Magazine article The Spectator

A Hot Head and a Cool One

Magazine article The Spectator

A Hot Head and a Cool One

Article excerpt

David Crane



In the early hours of 10 February, 1567, the city of Edinburgh was woken by the sound of a massive explosion 'that shook the whole town'. 'The King's lodging,' wrote George Buchanan, one of the most implacably partisan of Mary, Queen of Scots' enemies, 'was, even from the very foundation, blown up in the air.' Among the ruins were found two shattered bodies, but no trace of the young king. Then, three hours later, searchers came across two near-naked corpses, untouched by the explosion, lying in an orchard nearby. One was the king's valet's; the other, dressed only in a short night-shirt, was that of Robert Darnley, son of the Earl and Countess of Lennox, grandson of Margaret Tudor, great-grandson of Henry VII, and husband of Mary, Queen of Scots.

'Who murdered Darnley?' Alison Weir asks, and if page 259 seems a bit late to be posing the question, there has never been any shortage of suspects. In the immediate aftermath of the crime suspicion rapidly attached to Mary herself, but as Weir shows in her exhaustive study the whole truth remains as elusive as ever.

This is far too long a book - the wretched Darnley can't be worth this much of anyone's time - but as a piece of dogged detective work there is no arguing with it. At the beginning of her search Weir herself believed in Mary's complicity, but, in the course of sifting evidence and judging the bias inherent in virtually every contemporary account of Darnle's murder, she has brought herself round to a very different conclusion.

She still sees that the circumstantial case against Mary is strong - from this distance the only wonder is that there should be anyone who did not want a hand in Darnley's death - but the case she makes in Mary's defence is one that is likely to carry readers along with her. It is clear from Mary's role in the Babington plot that she was as capable as anyone of the lies, murder and treason that form the staple of this story, but, as Alison Weir sympathetically points out, the ageing woman, embittered by 18 years of imprisonment and disappointment, who plotted her cousin Elizabeth's death was not the young girl who had once charmed the French court and captivated even her opponents.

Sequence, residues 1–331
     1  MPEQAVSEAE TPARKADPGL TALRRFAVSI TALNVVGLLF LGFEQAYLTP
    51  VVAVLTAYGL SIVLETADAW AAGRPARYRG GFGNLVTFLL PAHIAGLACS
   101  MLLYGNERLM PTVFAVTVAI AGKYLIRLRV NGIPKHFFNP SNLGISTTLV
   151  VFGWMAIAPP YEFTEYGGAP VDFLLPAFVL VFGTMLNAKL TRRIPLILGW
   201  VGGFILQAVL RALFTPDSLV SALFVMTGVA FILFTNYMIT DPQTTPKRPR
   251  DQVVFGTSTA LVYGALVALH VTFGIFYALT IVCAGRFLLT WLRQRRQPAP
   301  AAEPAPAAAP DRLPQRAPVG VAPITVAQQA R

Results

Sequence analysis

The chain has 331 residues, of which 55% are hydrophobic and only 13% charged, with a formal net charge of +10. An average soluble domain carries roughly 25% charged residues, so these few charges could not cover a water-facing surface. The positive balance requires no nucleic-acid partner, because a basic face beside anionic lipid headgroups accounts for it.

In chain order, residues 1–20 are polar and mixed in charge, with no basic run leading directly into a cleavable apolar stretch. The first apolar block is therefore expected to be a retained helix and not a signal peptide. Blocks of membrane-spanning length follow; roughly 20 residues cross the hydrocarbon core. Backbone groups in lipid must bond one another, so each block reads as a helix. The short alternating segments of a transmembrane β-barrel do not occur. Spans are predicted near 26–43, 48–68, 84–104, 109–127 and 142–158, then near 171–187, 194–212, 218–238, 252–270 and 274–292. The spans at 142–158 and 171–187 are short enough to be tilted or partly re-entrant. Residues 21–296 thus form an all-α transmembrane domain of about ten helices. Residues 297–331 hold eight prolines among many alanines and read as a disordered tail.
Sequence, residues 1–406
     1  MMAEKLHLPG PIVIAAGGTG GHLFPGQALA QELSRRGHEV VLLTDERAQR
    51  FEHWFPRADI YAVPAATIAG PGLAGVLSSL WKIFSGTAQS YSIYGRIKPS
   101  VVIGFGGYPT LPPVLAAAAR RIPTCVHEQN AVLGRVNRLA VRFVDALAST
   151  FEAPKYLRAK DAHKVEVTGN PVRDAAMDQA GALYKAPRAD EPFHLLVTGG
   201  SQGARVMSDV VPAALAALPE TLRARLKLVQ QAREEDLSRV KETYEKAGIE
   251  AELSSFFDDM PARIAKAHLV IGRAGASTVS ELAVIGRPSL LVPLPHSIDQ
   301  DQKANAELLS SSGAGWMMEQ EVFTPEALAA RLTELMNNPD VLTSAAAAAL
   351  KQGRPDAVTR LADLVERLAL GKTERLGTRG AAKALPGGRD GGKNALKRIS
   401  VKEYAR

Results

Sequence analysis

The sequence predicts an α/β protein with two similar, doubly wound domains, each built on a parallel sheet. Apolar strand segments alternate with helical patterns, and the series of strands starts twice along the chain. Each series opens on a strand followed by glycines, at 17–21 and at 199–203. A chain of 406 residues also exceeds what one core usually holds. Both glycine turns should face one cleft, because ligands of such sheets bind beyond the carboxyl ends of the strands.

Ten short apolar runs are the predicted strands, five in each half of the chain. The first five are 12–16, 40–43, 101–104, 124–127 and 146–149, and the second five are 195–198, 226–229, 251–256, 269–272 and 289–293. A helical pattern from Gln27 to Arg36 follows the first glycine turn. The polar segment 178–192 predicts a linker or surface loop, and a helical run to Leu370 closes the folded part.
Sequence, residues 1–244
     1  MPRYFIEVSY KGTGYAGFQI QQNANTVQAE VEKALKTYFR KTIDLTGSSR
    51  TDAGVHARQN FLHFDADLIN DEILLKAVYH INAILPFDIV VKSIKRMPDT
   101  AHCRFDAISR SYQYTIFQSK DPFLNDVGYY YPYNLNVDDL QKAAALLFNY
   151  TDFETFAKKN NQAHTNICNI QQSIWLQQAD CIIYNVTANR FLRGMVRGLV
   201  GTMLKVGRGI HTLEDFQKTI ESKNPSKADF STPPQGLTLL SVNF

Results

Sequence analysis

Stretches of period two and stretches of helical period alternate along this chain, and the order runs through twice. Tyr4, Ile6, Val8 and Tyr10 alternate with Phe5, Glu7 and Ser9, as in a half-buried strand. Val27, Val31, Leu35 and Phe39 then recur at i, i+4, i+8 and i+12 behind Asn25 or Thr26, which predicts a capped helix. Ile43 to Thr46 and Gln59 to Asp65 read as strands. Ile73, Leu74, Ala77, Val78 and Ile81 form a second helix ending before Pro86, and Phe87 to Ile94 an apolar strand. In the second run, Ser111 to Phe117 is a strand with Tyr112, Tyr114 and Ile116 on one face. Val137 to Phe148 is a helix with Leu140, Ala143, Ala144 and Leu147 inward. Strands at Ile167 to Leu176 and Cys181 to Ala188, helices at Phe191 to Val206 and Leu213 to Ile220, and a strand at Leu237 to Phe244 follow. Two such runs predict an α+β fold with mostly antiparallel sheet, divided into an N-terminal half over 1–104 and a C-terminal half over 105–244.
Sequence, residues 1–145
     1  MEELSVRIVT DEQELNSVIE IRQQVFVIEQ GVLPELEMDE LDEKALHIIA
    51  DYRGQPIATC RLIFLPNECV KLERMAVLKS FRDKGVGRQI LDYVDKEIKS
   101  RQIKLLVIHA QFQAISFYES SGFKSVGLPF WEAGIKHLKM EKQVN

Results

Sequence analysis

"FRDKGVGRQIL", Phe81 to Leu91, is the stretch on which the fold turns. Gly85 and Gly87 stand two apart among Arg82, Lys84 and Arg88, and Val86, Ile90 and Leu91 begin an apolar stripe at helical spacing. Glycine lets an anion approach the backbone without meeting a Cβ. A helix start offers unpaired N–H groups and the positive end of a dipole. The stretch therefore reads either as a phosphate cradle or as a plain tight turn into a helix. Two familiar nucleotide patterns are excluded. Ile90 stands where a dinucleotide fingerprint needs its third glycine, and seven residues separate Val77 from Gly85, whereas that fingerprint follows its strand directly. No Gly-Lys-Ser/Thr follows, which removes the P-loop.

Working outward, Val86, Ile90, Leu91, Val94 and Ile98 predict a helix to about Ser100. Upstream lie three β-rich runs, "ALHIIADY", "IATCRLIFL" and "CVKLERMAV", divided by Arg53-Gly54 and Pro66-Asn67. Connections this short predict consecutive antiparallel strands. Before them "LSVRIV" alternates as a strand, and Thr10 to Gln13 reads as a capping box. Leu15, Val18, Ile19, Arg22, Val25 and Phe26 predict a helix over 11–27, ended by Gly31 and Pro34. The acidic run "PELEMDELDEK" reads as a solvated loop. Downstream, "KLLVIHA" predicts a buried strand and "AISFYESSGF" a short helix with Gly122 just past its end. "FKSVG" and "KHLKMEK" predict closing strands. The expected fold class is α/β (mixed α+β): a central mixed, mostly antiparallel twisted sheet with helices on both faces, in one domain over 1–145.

But then nobody comes out of this book well, and the real problem with it in fact and one Weir can do nothing about - is the sheer irredeemable awfulness of 16th-century Scotland. The English might be forgiven for thinking that the Scots have traditionally reserved their worst for them, but, compared to the way the Scots have always treated each other when they have had the chance, seven or eight hundred years of good, neighbourly hostility pales to nothing.

And even by the standards of the Stuart royal line the factionalism, greed, venality, savagery, malice, bigotry, treachery and poisonous ambition that blighted the brief reign of Mary stand out. Alison Weir does her very best to make the motives and concerns of those involved intelligible, but for all the serious achievements of this book, 500-odd pages of internecine hatreds relieved only by the occasional walk-on part for an English spy, syphilitic bishop or meddling nuncio will have readers south of the border down on their knees and praying for the triumph of Scottish nationalism. …

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